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When you start thinking about seeking professional treatment for your mental or behavioral health, it can seem overwhelming. Where do you start? Who should you call? What should you expect?

The answer depends on one important factor: whether you or your loved one is in immediate danger. If so, under any circumstance (physical or mental), call 911 or go to your nearest emergency room.

For less immediate situations where you feel your mental health is not where you’d like it to be – including feelings of depression, lack of motivation or difficulty finding joy in things you used to – the first step is to contact your primary care provider.

What to Expect During Your Primary Care Visit

During your appointment, your provider will ask about:

  • Any symptoms you have, and how long they’ve been going on.
  • How your symptoms have been affecting your life and relationships.
  • Whether you can function at the level you’d like, including completing daily tasks.

They may also ask you to complete some mental health screenings to better understand your needs.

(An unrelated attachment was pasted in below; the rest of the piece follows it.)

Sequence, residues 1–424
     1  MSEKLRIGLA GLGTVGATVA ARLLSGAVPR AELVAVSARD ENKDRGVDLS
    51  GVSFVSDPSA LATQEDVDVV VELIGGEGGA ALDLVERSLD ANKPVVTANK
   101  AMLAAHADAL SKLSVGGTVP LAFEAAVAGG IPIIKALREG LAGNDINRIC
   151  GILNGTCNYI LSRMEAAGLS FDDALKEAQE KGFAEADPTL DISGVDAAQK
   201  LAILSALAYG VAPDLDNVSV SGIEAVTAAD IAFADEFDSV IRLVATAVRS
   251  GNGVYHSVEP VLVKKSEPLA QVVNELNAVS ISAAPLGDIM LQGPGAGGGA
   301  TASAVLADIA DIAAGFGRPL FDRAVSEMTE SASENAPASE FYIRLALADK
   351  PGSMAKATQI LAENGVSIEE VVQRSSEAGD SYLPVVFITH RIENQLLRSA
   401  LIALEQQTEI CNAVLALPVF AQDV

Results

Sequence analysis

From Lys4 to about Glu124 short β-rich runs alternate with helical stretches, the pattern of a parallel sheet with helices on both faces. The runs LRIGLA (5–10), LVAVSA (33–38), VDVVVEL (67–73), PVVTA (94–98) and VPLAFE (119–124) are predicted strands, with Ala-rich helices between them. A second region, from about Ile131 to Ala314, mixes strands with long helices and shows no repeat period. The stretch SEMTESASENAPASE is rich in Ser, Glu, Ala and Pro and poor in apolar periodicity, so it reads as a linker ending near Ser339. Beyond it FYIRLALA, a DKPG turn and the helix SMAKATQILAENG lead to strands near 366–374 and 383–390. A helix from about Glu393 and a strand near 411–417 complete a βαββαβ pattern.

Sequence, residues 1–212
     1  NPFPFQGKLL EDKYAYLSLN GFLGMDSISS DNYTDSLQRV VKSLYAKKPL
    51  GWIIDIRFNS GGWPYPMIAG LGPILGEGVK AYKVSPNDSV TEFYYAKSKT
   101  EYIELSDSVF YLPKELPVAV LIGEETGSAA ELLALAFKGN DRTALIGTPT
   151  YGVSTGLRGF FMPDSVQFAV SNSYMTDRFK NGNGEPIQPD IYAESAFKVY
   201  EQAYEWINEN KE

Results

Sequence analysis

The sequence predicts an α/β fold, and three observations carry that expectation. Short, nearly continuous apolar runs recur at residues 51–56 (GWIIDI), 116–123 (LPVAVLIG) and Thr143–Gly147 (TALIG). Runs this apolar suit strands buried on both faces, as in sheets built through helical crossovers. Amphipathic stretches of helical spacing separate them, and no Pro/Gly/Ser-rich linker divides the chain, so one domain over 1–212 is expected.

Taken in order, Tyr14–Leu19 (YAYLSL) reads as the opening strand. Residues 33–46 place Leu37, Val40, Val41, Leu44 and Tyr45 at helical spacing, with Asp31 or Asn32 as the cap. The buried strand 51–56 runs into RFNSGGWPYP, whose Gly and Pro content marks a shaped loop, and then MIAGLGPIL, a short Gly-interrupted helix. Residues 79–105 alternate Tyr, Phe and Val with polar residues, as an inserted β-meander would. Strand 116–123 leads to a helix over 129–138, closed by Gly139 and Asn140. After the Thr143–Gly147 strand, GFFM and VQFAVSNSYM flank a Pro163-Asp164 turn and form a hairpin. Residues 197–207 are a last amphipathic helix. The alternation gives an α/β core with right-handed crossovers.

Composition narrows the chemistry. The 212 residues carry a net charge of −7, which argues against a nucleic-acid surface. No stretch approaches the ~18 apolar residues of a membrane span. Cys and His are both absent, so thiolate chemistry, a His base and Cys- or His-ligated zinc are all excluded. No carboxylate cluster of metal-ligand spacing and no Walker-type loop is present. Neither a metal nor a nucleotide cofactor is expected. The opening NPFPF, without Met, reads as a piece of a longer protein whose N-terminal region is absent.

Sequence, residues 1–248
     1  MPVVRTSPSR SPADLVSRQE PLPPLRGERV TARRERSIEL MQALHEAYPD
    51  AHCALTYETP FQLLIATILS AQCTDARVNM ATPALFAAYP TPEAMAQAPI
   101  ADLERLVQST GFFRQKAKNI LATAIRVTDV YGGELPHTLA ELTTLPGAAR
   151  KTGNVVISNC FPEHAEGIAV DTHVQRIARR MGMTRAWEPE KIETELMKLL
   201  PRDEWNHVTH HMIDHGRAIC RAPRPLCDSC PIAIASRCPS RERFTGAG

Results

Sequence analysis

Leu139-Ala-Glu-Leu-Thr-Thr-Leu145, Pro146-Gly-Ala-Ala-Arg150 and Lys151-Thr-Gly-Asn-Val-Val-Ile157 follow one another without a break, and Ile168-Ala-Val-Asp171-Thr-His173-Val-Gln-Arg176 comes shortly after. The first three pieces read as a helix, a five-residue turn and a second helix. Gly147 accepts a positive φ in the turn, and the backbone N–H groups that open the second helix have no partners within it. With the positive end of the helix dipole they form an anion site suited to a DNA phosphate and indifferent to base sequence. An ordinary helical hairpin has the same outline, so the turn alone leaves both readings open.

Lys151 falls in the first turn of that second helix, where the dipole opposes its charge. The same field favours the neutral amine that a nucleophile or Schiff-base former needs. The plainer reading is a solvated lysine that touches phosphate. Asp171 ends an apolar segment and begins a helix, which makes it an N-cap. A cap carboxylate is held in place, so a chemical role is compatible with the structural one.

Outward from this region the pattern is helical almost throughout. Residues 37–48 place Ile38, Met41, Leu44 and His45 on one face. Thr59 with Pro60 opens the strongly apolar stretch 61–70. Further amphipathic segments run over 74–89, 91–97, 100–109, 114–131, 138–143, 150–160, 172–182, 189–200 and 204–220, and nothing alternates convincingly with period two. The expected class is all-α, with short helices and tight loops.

Know Your Options

Together with your primary care provider, you can discuss possible treatment plans – ones you are comfortable pursuing.

  • If your provider recommends you see a mental health specialist, they will refer you to someone who specializes in your conditions. Other options, depending on your preferences and symptoms, also include inpatient treatments, intensive outpatient programs or community-based organizations like Alcoholics Anonymous.
  • Medication also is an option for some individuals. Your provider will talk through what may help, what to expect and answer any questions.

Starting with your primary care provider means you can have conversations with someone you know and trust who can support you throughout your journey.

“When someone is experiencing a mental health concern, and certainly if we’ve initiated a treatment or have decided to monitor things, then I would expect to see them back more frequently for a period of time until they are feeling better,” said Anne Gaglioti, MD. “Often, if I refer someone out for a behavioral health service, there can be a waiting period before people are able to get an appointment, so I certainly will see people regularly if they are having something that’s impacting their lives.”

At MetroHealth, we are here to meet people where they are and support them so they can live their best lives. That starts with developing personal relationships with our patients as primary care providers.

To schedule an appointment with a primary care provider, call 216-MY-METRO (216-696-3876) or visit For more information, see How to get started with behavioral health care.


Anne H. Gaglioti, MD
Family Medicine